With piercing strobe panels and chorus of rousing sirens seeping through what little space a packed XOYO had to offer by 9pm on a Thursday, ‘Shhh’ provided a startling jolt to commence proceedings in RAYE’s latest one-off sell-out. The ominous single from August’s SECOND EP is one she highlighted to The Edge as “the most fun to make” from it, and the follow-on from its lyrical density, peppered with trembles of the vocal power within, gifted a welcome reality-beckoning breather not five minutes into the set. As queueing down Cowper Street had been so in vogue, she told of how she teared up at footage her manager had captured before beaming and bobbing her way through a collection of excursions into heartbreak, disenfranchisement, and outright pop gold.
Especially with how frequently her name is currently bandied about amidst illustrious companions – Stormzy, Charli XCX, Snakehips, Little Mix, Ellie Goulding, etc. – it becomes far too easy to forget that Rachel Keen is still a 19-year-old BRIT School dropout from Croydon. At the time of her debut headline show – in October, over on the other side of Old Street at Hoxton Square Bar & Kitchen, she filmed the ‘Shhh’ video as a warm-up – there was clear evidence from two EPs of a young R&B singer-songwriter finding subtle variety for her mature songwriting. Here, mere months later, five of her records were perched in the singles chart’s top 50, with her name and voice – carried by Jonas Blue’s ‘By Your Side’ and Jax Jones’ ‘You Don’t Know Me’ – kept only from the outright peak by a double dose of Ed Sheeran.
It was, therefore, inevitable that these dancier cuts would figure significantly in the programme, but how she elevated them from their staunchly whelming recordings with her charismatic delivery was quite something. The standard ‘By Your Side’ can feel erring as RAYE’s voice is distorted rudely after elegant string dashes, yet here very sparse instrumentation and off-beat clicks in the bluest of lights guided the track subtly towards its drop; ‘You Don’t Know Me’ needn’t have utilised a microphone given the way the audience joined in on its tacit endorsements of waving style-cramping iPhones around in the club, firmly laying her feeling of it as not “pop enough” to rest with a suitably commanding aura (“Time is money so don’t fuck with mine”).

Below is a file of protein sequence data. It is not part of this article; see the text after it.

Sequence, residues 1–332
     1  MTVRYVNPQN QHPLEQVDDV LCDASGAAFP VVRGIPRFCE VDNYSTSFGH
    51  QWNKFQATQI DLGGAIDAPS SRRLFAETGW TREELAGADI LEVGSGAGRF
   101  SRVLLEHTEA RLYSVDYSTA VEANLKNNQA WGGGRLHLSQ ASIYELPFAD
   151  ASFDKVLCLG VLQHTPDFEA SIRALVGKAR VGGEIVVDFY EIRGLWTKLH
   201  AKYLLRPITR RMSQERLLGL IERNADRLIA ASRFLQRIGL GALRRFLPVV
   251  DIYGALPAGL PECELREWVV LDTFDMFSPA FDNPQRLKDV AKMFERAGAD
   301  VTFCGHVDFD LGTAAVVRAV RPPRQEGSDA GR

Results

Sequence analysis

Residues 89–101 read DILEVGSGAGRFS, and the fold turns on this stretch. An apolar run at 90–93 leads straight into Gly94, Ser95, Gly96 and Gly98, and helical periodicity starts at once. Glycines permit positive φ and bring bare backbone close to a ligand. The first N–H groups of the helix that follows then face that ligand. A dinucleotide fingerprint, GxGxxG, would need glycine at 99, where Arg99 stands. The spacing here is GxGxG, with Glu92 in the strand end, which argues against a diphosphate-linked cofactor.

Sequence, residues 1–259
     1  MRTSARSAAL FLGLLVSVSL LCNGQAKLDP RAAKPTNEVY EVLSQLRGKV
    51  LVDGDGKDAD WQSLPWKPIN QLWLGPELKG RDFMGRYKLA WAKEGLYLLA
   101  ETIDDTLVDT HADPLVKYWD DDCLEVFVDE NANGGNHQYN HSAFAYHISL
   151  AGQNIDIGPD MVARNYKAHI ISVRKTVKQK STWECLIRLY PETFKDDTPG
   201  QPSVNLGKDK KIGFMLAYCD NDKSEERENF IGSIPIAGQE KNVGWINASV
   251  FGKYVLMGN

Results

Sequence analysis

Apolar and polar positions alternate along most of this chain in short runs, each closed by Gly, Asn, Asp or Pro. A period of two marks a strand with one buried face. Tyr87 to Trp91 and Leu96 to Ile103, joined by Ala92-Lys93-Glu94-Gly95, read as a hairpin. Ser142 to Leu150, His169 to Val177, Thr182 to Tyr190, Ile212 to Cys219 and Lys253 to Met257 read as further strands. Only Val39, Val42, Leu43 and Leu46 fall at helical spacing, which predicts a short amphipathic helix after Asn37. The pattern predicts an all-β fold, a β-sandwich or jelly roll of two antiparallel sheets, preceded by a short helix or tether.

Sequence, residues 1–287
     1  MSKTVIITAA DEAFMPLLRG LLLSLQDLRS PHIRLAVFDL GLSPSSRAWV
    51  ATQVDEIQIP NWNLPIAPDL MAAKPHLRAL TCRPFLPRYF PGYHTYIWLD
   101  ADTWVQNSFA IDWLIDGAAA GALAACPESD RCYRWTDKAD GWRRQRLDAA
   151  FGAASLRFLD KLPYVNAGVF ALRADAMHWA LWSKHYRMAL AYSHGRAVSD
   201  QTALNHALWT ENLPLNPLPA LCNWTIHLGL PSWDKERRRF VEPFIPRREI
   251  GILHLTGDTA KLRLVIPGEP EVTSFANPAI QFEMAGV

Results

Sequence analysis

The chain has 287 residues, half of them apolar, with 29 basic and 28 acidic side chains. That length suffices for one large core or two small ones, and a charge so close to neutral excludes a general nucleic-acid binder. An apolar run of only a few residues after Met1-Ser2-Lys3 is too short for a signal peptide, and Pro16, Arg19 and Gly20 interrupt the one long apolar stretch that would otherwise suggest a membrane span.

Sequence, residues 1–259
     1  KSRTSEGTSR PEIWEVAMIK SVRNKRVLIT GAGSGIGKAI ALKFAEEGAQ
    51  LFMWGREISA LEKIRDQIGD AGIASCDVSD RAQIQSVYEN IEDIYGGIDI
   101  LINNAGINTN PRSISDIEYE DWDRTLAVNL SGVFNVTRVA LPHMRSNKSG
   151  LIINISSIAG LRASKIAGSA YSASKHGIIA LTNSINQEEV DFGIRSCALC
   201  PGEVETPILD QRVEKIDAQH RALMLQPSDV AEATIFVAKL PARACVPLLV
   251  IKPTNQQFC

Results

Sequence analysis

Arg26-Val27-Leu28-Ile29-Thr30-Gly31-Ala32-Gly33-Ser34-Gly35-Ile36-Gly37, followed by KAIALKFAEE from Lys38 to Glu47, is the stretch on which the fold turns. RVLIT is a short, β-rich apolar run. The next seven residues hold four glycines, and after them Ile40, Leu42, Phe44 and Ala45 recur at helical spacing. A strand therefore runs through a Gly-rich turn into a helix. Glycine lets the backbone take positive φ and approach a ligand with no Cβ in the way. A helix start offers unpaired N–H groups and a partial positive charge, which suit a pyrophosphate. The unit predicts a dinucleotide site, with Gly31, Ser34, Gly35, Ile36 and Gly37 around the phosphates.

Elsewhere, her original material did at times draw similar interaction with the crowd, coupling her contemplative writing with a strong vocal that, as she remarked, must be regularly watered amidst her boundless on-stage enthusiasm and writhing. From SECOND, the delicate string lines leading the resonant booms around the chorus of ‘Distraction’ arrested the ‘Shhh’ intensity with a defiant, victorious vein later employed to cap the encore-less set with audience chorus opportunity ‘I, U, Us.’ Tracks like ‘Bet U Wish’ and ‘Hotbox,’ written with astonishing maturity in her mid-teens and featured on 2014’s Welcome To The Winter, presented a yet more solemn strain echoed in ‘Sober,’ a tale recounted exquisitely from a keyboard for its public debut. The contrasts in topic and delivery to the gleeful playground pop ditty ‘My Girl’ were clear yet admirable, with her pure thrill around an audience a delectable tonic for the talent that will certainly realise her ambition of becoming “a massive artist.” Whatever “it” is, RAYE carries such a thing in spades, and those who experienced it with such intimacy will sense that it’s merely a matter of time until the rest of the world cottons on.